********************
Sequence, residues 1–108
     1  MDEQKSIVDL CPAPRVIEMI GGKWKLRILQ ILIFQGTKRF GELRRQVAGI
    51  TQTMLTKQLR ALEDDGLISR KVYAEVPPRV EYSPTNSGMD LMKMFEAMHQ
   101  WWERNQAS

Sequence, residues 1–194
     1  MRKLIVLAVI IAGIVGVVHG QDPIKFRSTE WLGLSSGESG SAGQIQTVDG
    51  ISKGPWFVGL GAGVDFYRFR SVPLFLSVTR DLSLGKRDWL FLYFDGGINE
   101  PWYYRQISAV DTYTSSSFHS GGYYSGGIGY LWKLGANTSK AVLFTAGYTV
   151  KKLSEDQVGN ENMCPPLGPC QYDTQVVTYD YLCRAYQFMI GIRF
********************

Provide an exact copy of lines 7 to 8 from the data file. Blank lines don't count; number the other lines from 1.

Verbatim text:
    51  ISKGPWFVGL GAGVDFYRFR SVPLFLSVTR DLSLGKRDWL FLYFDGGINE
   101  PWYYRQISAV DTYTSSSFHS GGYYSGGIGY LWKLGANTSK AVLFTAGYTV